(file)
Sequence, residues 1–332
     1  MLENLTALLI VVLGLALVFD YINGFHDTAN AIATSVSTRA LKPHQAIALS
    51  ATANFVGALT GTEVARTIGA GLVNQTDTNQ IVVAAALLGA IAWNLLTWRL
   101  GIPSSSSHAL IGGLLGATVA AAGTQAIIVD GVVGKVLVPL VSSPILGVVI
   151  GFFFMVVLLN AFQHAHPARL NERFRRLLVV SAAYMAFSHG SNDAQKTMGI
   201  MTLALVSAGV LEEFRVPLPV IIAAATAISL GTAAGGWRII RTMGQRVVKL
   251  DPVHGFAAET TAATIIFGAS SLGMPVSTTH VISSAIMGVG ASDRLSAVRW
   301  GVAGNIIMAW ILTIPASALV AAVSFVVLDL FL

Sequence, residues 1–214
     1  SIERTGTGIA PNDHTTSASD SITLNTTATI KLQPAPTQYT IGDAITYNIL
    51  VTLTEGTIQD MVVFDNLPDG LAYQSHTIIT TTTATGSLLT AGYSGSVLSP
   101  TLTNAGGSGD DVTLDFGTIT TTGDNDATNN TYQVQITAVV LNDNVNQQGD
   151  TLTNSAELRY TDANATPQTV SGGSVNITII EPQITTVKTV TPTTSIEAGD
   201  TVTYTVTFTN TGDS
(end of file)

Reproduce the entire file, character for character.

Sequence, residues 1–332
     1  MLENLTALLI VVLGLALVFD YINGFHDTAN AIATSVSTRA LKPHQAIALS
    51  ATANFVGALT GTEVARTIGA GLVNQTDTNQ IVVAAALLGA IAWNLLTWRL
   101  GIPSSSSHAL IGGLLGATVA AAGTQAIIVD GVVGKVLVPL VSSPILGVVI
   151  GFFFMVVLLN AFQHAHPARL NERFRRLLVV SAAYMAFSHG SNDAQKTMGI
   201  MTLALVSAGV LEEFRVPLPV IIAAATAISL GTAAGGWRII RTMGQRVVKL
   251  DPVHGFAAET TAATIIFGAS SLGMPVSTTH VISSAIMGVG ASDRLSAVRW
   301  GVAGNIIMAW ILTIPASALV AAVSFVVLDL FL

Sequence, residues 1–214
     1  SIERTGTGIA PNDHTTSASD SITLNTTATI KLQPAPTQYT IGDAITYNIL
    51  VTLTEGTIQD MVVFDNLPDG LAYQSHTIIT TTTATGSLLT AGYSGSVLSP
   101  TLTNAGGSGD DVTLDFGTIT TTGDNDATNN TYQVQITAVV LNDNVNQQGD
   151  TLTNSAELRY TDANATPQTV SGGSVNITII EPQITTVKTV TPTTSIEAGD
   201  TVTYTVTFTN TGDS